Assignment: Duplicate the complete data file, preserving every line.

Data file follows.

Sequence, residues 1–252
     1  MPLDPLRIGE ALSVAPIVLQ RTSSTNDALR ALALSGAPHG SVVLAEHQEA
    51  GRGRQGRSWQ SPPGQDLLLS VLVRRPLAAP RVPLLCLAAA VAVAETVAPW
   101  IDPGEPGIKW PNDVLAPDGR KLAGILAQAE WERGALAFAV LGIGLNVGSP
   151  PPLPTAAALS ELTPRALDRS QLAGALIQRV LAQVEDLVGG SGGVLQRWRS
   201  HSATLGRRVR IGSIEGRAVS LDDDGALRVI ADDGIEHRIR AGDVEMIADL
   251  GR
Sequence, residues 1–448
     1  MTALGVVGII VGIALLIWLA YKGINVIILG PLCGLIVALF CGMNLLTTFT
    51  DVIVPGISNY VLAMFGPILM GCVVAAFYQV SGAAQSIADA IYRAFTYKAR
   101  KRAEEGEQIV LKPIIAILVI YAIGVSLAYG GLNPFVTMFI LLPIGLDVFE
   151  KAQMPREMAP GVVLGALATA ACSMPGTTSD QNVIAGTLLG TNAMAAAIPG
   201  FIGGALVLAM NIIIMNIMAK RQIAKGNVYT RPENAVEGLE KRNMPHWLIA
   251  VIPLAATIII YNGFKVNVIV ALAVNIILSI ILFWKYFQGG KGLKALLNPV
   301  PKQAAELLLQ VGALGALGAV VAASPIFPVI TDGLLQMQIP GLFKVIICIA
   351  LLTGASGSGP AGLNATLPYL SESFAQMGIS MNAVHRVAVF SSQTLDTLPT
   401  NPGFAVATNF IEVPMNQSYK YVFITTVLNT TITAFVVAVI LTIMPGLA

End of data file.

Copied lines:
Sequence, residues 1–252
     1  MPLDPLRIGE ALSVAPIVLQ RTSSTNDALR ALALSGAPHG SVVLAEHQEA
    51  GRGRQGRSWQ SPPGQDLLLS VLVRRPLAAP RVPLLCLAAA VAVAETVAPW
   101  IDPGEPGIKW PNDVLAPDGR KLAGILAQAE WERGALAFAV LGIGLNVGSP
   151  PPLPTAAALS ELTPRALDRS QLAGALIQRV LAQVEDLVGG SGGVLQRWRS
   201  HSATLGRRVR IGSIEGRAVS LDDDGALRVI ADDGIEHRIR AGDVEMIADL
   251  GR
Sequence, residues 1–448
     1  MTALGVVGII VGIALLIWLA YKGINVIILG PLCGLIVALF CGMNLLTTFT
    51  DVIVPGISNY VLAMFGPILM GCVVAAFYQV SGAAQSIADA IYRAFTYKAR
   101  KRAEEGEQIV LKPIIAILVI YAIGVSLAYG GLNPFVTMFI LLPIGLDVFE
   151  KAQMPREMAP GVVLGALATA ACSMPGTTSD QNVIAGTLLG TNAMAAAIPG
   201  FIGGALVLAM NIIIMNIMAK RQIAKGNVYT RPENAVEGLE KRNMPHWLIA
   251  VIPLAATIII YNGFKVNVIV ALAVNIILSI ILFWKYFQGG KGLKALLNPV
   301  PKQAAELLLQ VGALGALGAV VAASPIFPVI TDGLLQMQIP GLFKVIICIA
   351  LLTGASGSGP AGLNATLPYL SESFAQMGIS MNAVHRVAVF SSQTLDTLPT
   401  NPGFAVATNF IEVPMNQSYK YVFITTVLNT TITAFVVAVI LTIMPGLA